We believe strongly that all those things still need to happen for open textbooks, especially those produced with support from Rebus. Editing, images, Pressbooks formatting, and accessibility are four areas where we want to specifically build up pools of potential volunteers interested in contributing their skill sets in these areas to open textbooks.

When we embarked on this project, we weren’t sure what accessibility for open textbooks really entailed. We have a much better idea of that now, after starting the Rebus Community Accessibility Working Group, but we didn’t have that information in time to tell the writers what to send us, so that we wouldn’t end up writing alt text for most of the images ourselves, for example.

At Rebus we have since been working on some guidelines for accessibility for open textbooks produced with Rebus support, and these will be part of the author guides for future projects.

Styling footnotes, from both an editing and a formatting perspective, was a monumental effort, and one that I can say with absolute confidence needs its own volunteer or volunteers.

Another of the inherent challenges to creating a CC BY-licensed open textbook is images. Our goal was to use all CC BY images. Some writers found that limiting (since traditional publishers help to source permissions), or did not quite understand the nuances (for instance, buying stock photos doesn’t skirt this problem).

We cut any images that weren’t necessary. Of the rest, some image suggestions were general enough for us to create new openly licensed images. I had the benefit of support for this from Rebus staff member Apurva, who with her design background was able to help create some illustrations for the book from scratch. (This is another job, by the way–one that needs a volunteer.)

In other cases, even if using an image would have been fair use, the fact we were setting the book up to be remixed downstream and would lose control of the content, made us err on the side of caution while we figure out all the nuances to this.

Some images were so central to the subject matter that we simply had to include them. How do you not include the Business Model Canvas in a chapter about startup business models, for instance? There’s no way to remake what’s important about that chart without exactly copying it. Thus, we had to hunt down permissions for some images.

Luckily, the Business Model Canvas folks, along with a few others, were awesome to us. They got the concept of what we were doing right away and gave permission to include their image in the textbook, and to them we are eternally grateful. There were others too who had to bend internal rules to work with our paradigm, but were ultimately able to grant us the permissions we needed.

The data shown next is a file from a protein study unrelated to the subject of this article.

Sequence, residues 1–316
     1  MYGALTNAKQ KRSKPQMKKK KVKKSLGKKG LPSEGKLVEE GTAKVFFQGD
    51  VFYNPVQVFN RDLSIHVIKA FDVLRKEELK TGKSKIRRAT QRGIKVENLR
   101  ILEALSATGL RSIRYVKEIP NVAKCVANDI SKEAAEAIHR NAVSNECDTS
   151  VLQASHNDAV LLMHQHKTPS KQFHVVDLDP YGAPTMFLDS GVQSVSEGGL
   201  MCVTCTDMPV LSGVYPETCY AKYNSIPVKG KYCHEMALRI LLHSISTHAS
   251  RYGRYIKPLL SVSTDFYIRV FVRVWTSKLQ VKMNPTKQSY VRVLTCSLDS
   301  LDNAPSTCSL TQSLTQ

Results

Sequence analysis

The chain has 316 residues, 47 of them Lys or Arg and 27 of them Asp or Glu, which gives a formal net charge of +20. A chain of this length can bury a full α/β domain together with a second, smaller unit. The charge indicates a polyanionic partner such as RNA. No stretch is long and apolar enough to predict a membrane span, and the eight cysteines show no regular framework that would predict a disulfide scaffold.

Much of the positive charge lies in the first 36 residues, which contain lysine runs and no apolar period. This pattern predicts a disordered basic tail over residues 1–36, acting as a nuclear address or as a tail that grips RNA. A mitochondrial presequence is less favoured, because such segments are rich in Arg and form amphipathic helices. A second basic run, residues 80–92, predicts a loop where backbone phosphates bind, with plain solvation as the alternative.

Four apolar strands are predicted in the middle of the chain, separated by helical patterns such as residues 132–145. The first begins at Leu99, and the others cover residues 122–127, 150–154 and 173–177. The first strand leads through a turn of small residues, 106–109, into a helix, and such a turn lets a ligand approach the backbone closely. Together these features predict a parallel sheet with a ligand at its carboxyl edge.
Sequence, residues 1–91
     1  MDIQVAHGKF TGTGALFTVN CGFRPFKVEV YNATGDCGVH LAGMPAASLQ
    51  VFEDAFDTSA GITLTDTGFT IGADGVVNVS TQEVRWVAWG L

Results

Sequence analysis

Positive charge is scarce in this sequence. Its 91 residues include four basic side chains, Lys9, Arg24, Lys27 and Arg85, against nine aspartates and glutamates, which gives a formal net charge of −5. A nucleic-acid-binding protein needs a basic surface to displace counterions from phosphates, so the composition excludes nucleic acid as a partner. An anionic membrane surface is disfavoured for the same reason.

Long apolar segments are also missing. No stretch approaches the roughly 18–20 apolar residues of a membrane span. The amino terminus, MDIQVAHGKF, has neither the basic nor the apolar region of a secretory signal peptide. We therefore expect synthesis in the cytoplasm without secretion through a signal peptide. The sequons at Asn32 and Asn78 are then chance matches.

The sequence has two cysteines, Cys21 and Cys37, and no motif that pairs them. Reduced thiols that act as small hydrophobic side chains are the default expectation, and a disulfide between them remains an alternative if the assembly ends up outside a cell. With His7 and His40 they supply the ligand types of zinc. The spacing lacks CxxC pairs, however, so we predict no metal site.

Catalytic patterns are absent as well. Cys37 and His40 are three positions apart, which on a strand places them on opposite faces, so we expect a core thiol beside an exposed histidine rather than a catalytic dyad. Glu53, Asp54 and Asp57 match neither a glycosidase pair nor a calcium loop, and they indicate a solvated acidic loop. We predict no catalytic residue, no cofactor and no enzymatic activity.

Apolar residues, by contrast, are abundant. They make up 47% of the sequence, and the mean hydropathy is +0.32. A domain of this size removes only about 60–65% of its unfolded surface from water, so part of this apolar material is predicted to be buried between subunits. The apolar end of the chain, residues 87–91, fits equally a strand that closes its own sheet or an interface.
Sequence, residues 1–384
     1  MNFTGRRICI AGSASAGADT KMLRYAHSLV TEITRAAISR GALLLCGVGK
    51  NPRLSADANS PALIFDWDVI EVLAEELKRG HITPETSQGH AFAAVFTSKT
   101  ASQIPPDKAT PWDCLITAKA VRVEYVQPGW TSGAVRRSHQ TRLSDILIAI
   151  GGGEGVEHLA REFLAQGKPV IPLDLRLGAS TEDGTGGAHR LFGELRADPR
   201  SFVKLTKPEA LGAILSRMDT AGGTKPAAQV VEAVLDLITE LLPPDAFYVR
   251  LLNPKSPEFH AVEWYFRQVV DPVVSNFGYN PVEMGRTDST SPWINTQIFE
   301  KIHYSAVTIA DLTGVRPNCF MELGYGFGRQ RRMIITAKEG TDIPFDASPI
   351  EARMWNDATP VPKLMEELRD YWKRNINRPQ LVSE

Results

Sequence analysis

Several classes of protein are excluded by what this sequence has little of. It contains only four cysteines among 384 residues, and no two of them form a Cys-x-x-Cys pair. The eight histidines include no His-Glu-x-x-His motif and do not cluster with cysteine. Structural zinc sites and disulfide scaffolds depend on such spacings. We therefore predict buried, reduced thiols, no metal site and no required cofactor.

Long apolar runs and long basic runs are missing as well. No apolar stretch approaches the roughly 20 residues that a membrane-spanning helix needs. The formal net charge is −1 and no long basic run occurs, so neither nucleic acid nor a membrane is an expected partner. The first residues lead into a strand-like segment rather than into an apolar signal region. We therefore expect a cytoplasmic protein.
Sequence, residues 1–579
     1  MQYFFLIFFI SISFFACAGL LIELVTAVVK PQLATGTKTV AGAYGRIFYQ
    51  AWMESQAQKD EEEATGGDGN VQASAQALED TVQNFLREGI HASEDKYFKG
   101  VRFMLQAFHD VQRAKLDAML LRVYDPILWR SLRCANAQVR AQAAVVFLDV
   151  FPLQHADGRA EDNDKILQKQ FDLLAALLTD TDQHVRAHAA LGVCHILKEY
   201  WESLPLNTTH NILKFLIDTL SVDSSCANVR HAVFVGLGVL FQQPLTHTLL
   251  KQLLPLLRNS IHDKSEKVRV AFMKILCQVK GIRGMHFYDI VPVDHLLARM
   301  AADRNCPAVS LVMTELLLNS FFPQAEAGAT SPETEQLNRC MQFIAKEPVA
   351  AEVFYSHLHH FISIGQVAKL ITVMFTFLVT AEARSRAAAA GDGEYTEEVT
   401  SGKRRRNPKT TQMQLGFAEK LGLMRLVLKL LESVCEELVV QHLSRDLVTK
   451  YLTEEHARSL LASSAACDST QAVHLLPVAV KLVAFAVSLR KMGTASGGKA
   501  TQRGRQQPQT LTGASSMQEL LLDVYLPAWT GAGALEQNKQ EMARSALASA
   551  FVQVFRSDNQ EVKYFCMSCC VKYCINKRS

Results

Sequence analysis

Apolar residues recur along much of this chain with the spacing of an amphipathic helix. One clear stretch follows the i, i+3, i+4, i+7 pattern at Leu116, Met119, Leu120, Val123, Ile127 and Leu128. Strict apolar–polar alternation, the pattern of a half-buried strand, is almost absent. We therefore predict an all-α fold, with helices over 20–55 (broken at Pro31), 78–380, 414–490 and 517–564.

Then there were the publishers that wanted to charge an exorbitant rate, which would increase with every format or new edition (exactly what does that look like for a book that is continually updated, and can be remixed?)

Still others were never able to grant us permission to use the simplest of things. These included one data chart that, according to the site’s TOS, could be embedded in our website with no problem but could not be published in something like an ebook or print book. With single-source formatting, this was unworkable. Our multiple calls and emails requesting a solution went unreturned.

In the end, the thing I thought would be hard about building an open textbook (getting contributors to write and review the content) was not the thing that was most challenging about building an open textbook. Our authors, reviewers, beta testers, and everyone else who played a role in refining the content for this book were awesome, and they built the content into the open textbook we envisioned.

What was hardest was getting these behind-the-scenes jobs, many of which take a lot of invisible emotional labor, done. We at Rebus will now be working to build up pools of volunteers to enlist in these efforts on future books. Of course, we will credit them with their efforts. In addition, the software we have in the works may help. If you have further ideas on this front, please reach out to us in the Rebus Community Forum.

Office Hours Recap and Video: Beta Testing Open Textbooks

In this month’s session, guests discuss the logistics of beta testing an open textbook, including: strategies to recruit beta testers, mechanisms for collecting and implementing feedback, and marketing this process. If you’re curious about how open textbooks are tested in classrooms, or how and when student and instructor feedback is incorporated, read the recap below or watch the video recording.